NATO still exists even though the Cold War has ended. NATO’s eastward expansion and the organization’s shift from a formerly defensive pact to an interventionist organization have unnerved Russia. The strategic nature of American missile defense, which disturbs nuclear parity between Russia and the U.S., is further compounded by NATO. Moscow feels threatened by the offensive military characteristics that NATO has adopted since the end of the Cold War, which has taken NATO from intervention in the former Yugoslavia to fighting in Afghanistan, and both security and training missions in the Middle East and Africa. In this regard, Vladimir Putin’s caustic speech on global security should come as no shock. In it Putin accused the U.S. of pursing the objective of establishing a uni-polar world through military might:
Today we are witnessing an almost uncontained hyper use of force – military force – in international relations, force that is plunging the world into an abyss of permanent conflicts. As a result we do not have sufficient strength to find a comprehensive solution to any one of these conflicts. Finding a political settlement also becomes impossible.
We are seeing a greater and greater disdain for the basic principles of international law. And independent legal norms are, as a matter of fact, coming increasingly closer to one state’s legal system. One state and, of course, first and foremost the United States, has overstepped its national borders in every way. 
Putin also alluded to NATO expansion as being target against Russia:
I think it is obvious that NATO expansion does not have any relation with the modernisation of [NATO] itself or with ensuring security in Europe. On the contrary, it represents a serious provocation that reduces the level of mutual trust. And we have the right to ask: against whom is this expansion intended? And what happened to the assurances our western partners made after the dissolution of the Warsaw Pact? Where are those declarations today? No one even remembers them. But I will allow myself to remind this audience what was said. I would like to quote the speech of NATO General Secretary Mr Woerner in Brussels on 17 May 1990. He said at the time that: “the fact that we are ready not to place a NATO army outside of German territory gives the Soviet Union a firm security guarantee”. Where are these guarantees? 
The apprehension of a looming war is very real amongst Russian planners. The Kremlin believes that the Russian Federation is simultaneously being encircled by NATO, a growing number of military bases, and finally American missiles.
Is the idea of a war between Russia and America and NATO even conceivable? The 2008 war between Georgia and Russia in the Caucasus presents such a possibility. The Russo-Georgian War has also been called a proxy war by Russian officials. The Kremlin has stated that Mikheil Saakashvili, the leader of Georgia, represents American interests in the former Soviet Union. Georgia in this sense is seen as an American proxy or client state by Moscow.  Russian suspicions were further corroborated when the U.S. declare that the Caucasus was a vital area to American strategic interests during the Russo-Georgian War. In it not coincidental that Georgia is one of the fasting militarizing states in the world and one of the largest recipients of American military aid. What is most important about the war between Russia and Georgia over South Ossetia is that Russia said it would have not changed its course of action even if Georgia were a member of NATO. This alone demonstrates that the threat of a broader war involving Russia and the U.S. is no mere illusion.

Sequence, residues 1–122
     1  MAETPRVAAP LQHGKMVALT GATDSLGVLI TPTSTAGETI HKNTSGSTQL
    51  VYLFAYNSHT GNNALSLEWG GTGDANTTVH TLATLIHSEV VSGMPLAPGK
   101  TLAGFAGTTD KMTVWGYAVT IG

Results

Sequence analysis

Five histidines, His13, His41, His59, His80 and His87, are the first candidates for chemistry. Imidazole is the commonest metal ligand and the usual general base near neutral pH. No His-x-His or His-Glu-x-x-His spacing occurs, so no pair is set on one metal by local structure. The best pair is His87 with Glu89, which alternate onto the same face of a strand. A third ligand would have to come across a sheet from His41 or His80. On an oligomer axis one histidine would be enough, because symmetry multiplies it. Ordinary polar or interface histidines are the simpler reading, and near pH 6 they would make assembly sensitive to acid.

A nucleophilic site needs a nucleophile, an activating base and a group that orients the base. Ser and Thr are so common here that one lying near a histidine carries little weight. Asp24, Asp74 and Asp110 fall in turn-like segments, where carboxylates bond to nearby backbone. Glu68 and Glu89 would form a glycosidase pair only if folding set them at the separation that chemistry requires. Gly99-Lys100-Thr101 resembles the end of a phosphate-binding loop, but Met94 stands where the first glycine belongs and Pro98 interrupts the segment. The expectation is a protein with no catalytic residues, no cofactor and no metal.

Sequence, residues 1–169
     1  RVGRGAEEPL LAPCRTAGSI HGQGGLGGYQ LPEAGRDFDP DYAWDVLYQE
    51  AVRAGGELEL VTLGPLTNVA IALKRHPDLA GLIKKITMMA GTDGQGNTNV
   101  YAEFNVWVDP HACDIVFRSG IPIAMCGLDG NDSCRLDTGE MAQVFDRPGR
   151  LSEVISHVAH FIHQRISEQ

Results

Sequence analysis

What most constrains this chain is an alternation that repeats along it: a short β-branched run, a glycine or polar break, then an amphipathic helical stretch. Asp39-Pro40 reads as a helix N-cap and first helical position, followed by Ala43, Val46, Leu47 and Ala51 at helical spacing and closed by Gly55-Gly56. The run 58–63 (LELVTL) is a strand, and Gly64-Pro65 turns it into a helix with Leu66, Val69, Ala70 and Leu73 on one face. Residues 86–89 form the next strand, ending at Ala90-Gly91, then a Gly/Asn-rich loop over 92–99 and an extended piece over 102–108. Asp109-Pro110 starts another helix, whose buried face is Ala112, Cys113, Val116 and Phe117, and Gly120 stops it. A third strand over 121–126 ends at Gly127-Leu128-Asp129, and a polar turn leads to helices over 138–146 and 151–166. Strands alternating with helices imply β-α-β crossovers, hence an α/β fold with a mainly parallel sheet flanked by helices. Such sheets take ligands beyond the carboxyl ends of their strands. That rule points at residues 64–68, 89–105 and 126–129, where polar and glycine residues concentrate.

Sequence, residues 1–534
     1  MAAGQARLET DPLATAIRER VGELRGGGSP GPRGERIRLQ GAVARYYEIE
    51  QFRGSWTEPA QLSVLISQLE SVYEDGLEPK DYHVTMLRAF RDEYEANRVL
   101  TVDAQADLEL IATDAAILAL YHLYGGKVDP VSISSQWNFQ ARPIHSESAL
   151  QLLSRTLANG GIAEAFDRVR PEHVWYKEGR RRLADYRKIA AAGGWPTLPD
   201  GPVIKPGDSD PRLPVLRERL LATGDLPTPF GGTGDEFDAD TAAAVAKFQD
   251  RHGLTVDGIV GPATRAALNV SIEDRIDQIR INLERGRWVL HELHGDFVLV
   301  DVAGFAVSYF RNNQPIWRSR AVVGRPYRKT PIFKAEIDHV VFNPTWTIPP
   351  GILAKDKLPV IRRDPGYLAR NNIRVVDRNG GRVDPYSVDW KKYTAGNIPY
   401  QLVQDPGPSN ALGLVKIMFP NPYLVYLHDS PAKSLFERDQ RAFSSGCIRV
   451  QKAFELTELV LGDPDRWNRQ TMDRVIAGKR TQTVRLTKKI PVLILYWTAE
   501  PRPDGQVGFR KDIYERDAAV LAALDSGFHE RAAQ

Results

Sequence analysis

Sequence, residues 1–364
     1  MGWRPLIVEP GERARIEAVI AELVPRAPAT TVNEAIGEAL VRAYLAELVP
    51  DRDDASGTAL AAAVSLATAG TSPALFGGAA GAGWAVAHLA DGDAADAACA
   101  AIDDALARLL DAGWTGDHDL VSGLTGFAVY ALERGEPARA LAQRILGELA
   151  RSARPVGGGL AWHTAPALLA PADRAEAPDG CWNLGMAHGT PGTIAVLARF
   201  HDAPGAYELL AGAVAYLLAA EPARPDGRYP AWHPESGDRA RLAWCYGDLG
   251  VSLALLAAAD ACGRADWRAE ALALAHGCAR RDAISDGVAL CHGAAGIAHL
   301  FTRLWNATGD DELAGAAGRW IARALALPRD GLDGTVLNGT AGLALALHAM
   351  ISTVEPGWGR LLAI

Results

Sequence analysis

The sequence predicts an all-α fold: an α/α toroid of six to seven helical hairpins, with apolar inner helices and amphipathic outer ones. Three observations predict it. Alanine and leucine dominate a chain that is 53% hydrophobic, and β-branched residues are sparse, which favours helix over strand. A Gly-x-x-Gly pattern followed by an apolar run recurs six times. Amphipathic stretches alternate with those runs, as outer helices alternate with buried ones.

So has a reset button really been pushed in Russo-American relations by the Obama Administration with the 2009 announcement of a halt to American missile defense plans in Eastern Europe? President Barack Obama’s celebrated September 17 announcement that the U.S. is scrapping the components of the missile shield stationed close to Russia’s border in the Czech Republic and Poland is misleading. Shortly after Obama’s announcement the U.S. launched two experimental missile defense satellites into space from Cape Canaveral, Florida.  What Obama actually announced was not the scrapping of the missile shield, but a much more extensive and effective missile shield under revised plans that will include naval deployments onboard Aegis-equipped ships.  The deployment of the missile shield is actually being expanded in Europe and beyond, from Turkey and the Mediterranean to the Baltic Sea.
The response of a Polish official to Obama’s revised plans only substantiates Russian fears. “We were never really threatened by a long-range missile attack from Iran,” Slawomir Nowak who is a senior advisor to Poland’s Prime Minister Donald Tusk informed TVP INFO Television shortly after Obama’s announcement.  So was securing Poland, amongst others, from an Iranian missile threat a real motive for the missile shield? The Kremlin would argue no. To Moscow it became apparent that U.S. policy makers correlated the deployment of global missile defenses not with an Iranian or North Korean threat, but in the words of the PNAC as a means to “provide a secure basis for U.S. power projection around the world.” So has the Cold War really ended? Maybe the answer lies in joint military preparations by Russia and Belarus and the bilateral war games they held to prepare their armed forces for a NATO attack involving a land, sea, and air invasion. 
 Charles D. Ferguson, Nuclear Posture Review (Nuclear Threat Initiative, August 2002):
 The Project for a New American Century (PNAC), Rebuilding America’s Defenses: Strategy, Forces, and Resources (PNAC, September 2000), p.v.
 William Arkin, “Not Just A Last Resort?: A Global Strike Plan, With a Nuclear Option,” The Washington Post, May 15, 2005:
 Vladimir Putin, Speech and the Following Discussion at the Munich Conference on Security Policy (Address, Munich Conference on Security Policy, Munich, Bavaria: February 10, 2007).
 Ian Traynor, “Putin accuses US of starting Georgia crises as election ploy,” The Guardian, August 29, 2008:
 “US sends 2 missile defense satellites into orbit,” Associated Press (AP), September 25, 2009.
 Ian Sample, “US missile system’s track record: test, delays, failed launches, missed targets,” The Guardian, September 17, 2009:
 Gareth Jones, “Poland sees merit in new Obama missile plan: aide,” Reuters, September 24, 2009:
 PNAC, “Rebuilng America’s Defenses,” Op. cit.
 Lucian Kim, “Russian Paratroopers Stage War Games Simulating NATO Attack,” Bloomberg, September 27, 2009: